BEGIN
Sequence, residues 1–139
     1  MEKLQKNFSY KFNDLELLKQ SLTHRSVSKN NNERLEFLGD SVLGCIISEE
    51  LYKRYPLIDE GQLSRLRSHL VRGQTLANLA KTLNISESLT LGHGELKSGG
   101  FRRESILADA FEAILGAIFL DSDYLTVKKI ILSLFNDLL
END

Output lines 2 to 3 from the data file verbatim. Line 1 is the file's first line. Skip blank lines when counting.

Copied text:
     1  MEKLQKNFSY KFNDLELLKQ SLTHRSVSKN NNERLEFLGD SVLGCIISEE
    51  LYKRYPLIDE GQLSRLRSHL VRGQTLANLA KTLNISESLT LGHGELKSGG